# Tensor/Vector decomposition/representation & DOF arguement

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• binbagsss
binbagsss
In fluid mechanics, it is sometimes useful to present the velocity, ##U## in terms of a scalar potential ##\Phi## as:##\vec{U}=\nabla \phi##
##U## has 3 dof. ##\phi## has 1.If asked why this works, in terms of a dof argument, why is this?e.g . compared to GR common decomposition of the Riemann tensor into##R^{\nu\lambda\kappa\rho} =R*^{\nu\lambda\kappa\rho} + BR\eta*^{\nu\lambda\kappa\rho} + C^{\nu\lambda\kappa\rho},## (1)

With ##C^{\nu\lambda\kappa\rho}## is traceless, ##R=\eta_{\nu\kappa} \eta_{\lambda\rho}R^{\nu\lambda\kappa\rho}##, where #\eta^{ab}# denotes the Minkowski metric and ##B,C## are constants, and where ##R*^{\nu\lambda\kappa\rho}## denotes ##R*^{\nu\lambda\kappa\rho}=\frac{1}{4}\left[{R}^{\nu\kappa}\eta^{\lambda\rho}-R^{\nu\rho}\eta^{\lambda\kappa}+{R}^{\lambda\rho}\eta^{\nu\kappa}-{R}^{\lambda\kappa}\eta^{\nu\rho}\right] ## and## \eta*^{\nu\lambda\kappa\rho}= 2\eta^{\nu\kappa}\eta^{\lambda\rho}-2\eta^{\nu\rho}\eta^{\lambda\kappa} ##

From what I understand the tensors making up the decomposition can be a number of degrees of freedom at most the same as the object they are making up, and altogether they must have at least the total number of dof of the object they are making up. So , e.g. if T=A+B+C, and T has 10 d.o.f, then each of A,B,C can have any number between [1,10] of d.o.f, and altogether they must have at least 10 d.o.f? Is this correct?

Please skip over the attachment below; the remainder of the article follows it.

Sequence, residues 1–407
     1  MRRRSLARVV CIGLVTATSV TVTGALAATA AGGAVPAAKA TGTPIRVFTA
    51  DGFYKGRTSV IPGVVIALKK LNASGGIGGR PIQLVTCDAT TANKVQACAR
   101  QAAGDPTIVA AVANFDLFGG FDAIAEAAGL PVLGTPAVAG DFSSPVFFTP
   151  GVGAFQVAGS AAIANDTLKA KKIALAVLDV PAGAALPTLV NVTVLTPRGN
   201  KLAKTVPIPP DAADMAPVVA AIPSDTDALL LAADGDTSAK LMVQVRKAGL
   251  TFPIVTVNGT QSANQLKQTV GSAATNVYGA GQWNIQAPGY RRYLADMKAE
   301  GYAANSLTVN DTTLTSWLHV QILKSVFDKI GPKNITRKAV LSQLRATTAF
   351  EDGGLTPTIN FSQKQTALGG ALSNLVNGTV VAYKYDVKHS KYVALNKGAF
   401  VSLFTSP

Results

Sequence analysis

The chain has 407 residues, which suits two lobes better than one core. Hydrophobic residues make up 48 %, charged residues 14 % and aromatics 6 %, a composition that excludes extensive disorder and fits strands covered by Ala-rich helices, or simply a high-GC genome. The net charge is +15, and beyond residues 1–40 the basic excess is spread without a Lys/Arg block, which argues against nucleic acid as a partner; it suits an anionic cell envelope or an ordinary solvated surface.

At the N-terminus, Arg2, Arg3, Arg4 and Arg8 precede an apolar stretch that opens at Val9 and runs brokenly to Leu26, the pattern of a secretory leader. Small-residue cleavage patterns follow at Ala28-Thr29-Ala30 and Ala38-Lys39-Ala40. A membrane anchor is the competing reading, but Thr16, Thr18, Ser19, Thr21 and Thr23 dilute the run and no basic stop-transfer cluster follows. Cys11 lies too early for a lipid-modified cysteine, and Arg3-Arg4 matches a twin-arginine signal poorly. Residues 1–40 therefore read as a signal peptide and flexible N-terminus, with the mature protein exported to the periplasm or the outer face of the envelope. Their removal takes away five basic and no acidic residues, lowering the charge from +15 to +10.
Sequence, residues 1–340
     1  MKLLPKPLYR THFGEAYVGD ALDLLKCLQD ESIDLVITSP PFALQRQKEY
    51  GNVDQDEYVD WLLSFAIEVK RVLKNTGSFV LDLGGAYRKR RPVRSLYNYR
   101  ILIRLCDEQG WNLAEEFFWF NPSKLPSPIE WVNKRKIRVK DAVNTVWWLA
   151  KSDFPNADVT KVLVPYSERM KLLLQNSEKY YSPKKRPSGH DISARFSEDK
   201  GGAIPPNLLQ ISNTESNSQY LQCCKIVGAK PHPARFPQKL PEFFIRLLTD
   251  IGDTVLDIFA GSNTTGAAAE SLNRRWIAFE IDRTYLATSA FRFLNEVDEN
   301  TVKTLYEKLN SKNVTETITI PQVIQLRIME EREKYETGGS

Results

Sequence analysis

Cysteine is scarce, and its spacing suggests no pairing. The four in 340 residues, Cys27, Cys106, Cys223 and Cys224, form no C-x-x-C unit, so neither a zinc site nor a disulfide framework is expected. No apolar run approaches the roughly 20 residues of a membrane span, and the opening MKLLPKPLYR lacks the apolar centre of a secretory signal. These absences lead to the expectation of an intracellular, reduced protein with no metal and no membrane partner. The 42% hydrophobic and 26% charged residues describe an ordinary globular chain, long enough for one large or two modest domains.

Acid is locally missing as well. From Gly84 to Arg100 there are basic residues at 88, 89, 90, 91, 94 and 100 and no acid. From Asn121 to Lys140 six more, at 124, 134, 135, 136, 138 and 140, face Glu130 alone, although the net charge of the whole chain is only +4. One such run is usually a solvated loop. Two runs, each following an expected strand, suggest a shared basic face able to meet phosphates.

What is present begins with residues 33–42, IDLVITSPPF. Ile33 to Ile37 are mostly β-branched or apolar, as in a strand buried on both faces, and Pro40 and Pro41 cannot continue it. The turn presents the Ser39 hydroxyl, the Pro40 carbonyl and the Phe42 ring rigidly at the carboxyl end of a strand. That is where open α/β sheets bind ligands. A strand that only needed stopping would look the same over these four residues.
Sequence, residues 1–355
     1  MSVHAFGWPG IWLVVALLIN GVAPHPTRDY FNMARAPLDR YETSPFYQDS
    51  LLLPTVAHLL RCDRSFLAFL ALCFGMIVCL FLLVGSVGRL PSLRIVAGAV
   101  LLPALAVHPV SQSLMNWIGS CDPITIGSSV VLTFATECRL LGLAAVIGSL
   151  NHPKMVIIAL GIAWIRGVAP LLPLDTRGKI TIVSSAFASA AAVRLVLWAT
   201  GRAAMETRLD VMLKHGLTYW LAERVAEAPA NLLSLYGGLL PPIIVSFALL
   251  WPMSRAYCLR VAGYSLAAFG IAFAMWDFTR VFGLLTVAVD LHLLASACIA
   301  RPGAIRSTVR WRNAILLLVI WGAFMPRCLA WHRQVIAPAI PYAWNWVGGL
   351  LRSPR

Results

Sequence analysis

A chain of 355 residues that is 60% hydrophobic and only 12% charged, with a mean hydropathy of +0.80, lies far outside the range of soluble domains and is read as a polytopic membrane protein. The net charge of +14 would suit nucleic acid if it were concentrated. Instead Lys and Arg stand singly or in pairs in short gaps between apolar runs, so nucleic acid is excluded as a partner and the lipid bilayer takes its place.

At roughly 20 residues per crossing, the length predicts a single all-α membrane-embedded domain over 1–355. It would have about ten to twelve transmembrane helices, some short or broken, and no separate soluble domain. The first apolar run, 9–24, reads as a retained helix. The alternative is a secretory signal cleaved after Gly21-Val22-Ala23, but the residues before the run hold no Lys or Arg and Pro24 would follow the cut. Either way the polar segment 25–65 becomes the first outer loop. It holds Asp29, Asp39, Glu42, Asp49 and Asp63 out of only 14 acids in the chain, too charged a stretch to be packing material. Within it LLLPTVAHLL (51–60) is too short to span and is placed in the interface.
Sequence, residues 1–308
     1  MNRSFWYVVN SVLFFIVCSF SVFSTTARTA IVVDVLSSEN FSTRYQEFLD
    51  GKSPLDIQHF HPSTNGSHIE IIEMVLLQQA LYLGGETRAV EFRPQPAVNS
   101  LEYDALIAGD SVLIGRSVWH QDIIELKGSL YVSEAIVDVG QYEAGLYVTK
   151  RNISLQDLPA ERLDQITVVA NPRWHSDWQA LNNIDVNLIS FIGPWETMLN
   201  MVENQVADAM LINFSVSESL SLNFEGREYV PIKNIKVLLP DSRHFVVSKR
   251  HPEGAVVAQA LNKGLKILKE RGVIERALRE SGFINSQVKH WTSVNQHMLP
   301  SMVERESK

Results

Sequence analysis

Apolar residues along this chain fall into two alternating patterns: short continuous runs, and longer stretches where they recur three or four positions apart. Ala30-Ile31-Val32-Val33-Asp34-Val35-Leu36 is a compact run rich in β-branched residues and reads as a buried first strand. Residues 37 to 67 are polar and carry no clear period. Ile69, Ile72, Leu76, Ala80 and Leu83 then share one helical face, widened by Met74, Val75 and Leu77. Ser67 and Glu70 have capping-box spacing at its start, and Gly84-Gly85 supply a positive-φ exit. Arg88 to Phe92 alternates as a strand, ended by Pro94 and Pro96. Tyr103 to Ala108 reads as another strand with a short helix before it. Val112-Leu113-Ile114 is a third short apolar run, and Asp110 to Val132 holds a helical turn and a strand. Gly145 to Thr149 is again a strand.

So looking at the above, equation (1), the first term has 10 dof, the second 1, and the last 10 dof. Or would you look at the first term as a sum of four terms each of 10 dof, so it could potentially represent a tensor with 40 dof?

Thanks.

binbagsss said:
In fluid mechanics, it is sometimes useful to present the velocity, ##U## in terms of a scalar potential ##\Phi## as:##\vec{U}=\nabla \phi##
##U## has 3 dof. ##\phi## has 1.

This is only possible if the flow is irrotational, ie. $\nabla \times \vec U = 0$.

pasmith said:
This is only possible if the flow is irrotational, ie. $\nabla \times \vec U = 0$.
apologies yes I should have added that.

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